Floods and high winds likely in Southern California as Tropical Storm Kay passes offshore

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Flooding and high winds expected in parts of Southern California Friday night Tropical Storm Kay looms offshore.

According to the National Hurricane Center, the storm’s center was about 130 miles southwest of San Diego at 5 p.m. It still primarily affected the Baja California Peninsula in Mexico. Kay made landfall in Mexico Thursday afternoon, making landfall near central Baja California with maximum sustained winds of 75 mph, as well as heavy rain and a powerful storm surge.

Kay’s maximum sustained wind now hovers around 40 mph, and it traveled northwest at 12 mph. A westerly bend was expected on Saturday, which would bring further inland.

Winds and moisture from the storm are moving to parts of Southern California and southwestern Arizona. The heaviest rain is expected to fall east of San Diego, in desert areas. Precipitation of 10cm was recorded in the mountain areas on Friday, with more could fall on Saturday morning, forecasters said.

Some isolated areas can reach up to 8 inches.

Kay helped set rain records for the date in San Diego County, including more than six-tenths of an inch measured in Campo, near the US-Mexico border, and at San Diego International Airport; two inches were recorded at Lake Cuyamaca in the wilderness east of the city.

The National Weather Service had issued flash flood warnings for parts of neighboring Imperial County until mid-afternoon. The New River, which flows through the county and across the US-Mexico border, is said to overflow. Flood watches continue until tomorrow for 8 million people in Southern California, Western Arizona and Southern Nevada.

Flood warnings were in effect Friday night for the Coachella Valley desert in San Diego County’s Borrego Springs. The San Diego River swelled Friday, immediately bringing images of a green, lush waterway through a city known for its arid climate.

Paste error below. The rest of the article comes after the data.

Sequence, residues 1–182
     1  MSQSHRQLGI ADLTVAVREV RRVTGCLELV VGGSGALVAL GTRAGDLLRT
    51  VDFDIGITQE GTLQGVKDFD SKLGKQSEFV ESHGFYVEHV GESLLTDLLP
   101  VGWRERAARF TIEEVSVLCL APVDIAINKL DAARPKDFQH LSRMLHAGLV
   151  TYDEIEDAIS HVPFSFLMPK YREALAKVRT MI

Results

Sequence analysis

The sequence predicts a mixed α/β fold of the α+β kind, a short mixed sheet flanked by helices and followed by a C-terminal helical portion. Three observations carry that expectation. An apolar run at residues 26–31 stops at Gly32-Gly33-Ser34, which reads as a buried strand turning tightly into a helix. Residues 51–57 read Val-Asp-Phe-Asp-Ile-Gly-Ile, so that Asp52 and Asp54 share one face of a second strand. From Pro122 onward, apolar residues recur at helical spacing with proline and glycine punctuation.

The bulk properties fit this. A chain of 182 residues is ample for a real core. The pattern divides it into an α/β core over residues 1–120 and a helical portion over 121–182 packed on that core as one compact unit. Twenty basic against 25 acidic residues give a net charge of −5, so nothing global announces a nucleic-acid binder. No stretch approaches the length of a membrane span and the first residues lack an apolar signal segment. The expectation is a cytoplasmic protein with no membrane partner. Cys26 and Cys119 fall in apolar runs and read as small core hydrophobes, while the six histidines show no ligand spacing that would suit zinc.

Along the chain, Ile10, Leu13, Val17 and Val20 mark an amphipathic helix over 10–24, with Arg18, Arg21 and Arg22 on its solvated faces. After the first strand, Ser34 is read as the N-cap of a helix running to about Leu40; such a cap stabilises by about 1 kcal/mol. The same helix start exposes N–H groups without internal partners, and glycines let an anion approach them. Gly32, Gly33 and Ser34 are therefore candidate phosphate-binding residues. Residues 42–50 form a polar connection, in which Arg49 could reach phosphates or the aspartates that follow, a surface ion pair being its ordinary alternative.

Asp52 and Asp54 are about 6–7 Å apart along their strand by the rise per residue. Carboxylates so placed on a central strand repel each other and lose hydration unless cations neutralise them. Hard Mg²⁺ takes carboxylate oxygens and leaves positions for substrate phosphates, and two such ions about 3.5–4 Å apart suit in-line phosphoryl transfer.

Kay kicked up waves, with sets of four to six feet expected and some eight feet of waves possible through Saturday, federal forecasters said. However, the swell direction was extreme, given the position of the cyclone. The National Weather Service said waves would arrive from 180 degrees — dead south.

The wet weather has been an ally of firefighters, who said rainfall is slowing the spread of fatalities Fairview Fire in Riverside County, according to the California Department of Forestry and Fire Protection. The fire Friday night was measured on more than 27,000 acres with 5% surrounded, Calfire said.

A high winds warning was in effect until midnight in San Diego County and parts of San Bernardino and Riverside Counties. Parts of those regions can see wind gusts up to 65 mph. A wind gust of 109 mph was clocked at Cuyamaca Peak in eastern San Diego County early Friday NBC San Diego.

Tropical cyclones that hit Southern California directly are rare, as they often die amid the relatively cold waters and strong land winds of the Pacific Ocean. But thunderstorm activity combined with humidity, sometimes described by the Spanish word chubascosis a September rite in San Diego and Imperial County.

In Mexico, meanwhile, ongoing coastal flooding, flash flooding and landslides are possible in Baja California and parts of mainland northwest Mexico through Saturday morning. In total, by the time the storm passes, the peninsula could see up to 10 inches of rain, with isolated areas up to 6 inches (15 cm).

Tropical storm warnings are still in effect along both coasts of the Baja Peninsula. On the western side, the warning zone extends from Punta Eugenia in the north to the US-Mexico border. In the Gulf of California, the warning hits the coast between Bahia de Los Angeles on the peninsula and Puerto Libertad on mainland Mexico.

Liza Torres, Marlene Lenthang, Kathryn Procivi, Steve Strouss and Dennis Romero contributed.



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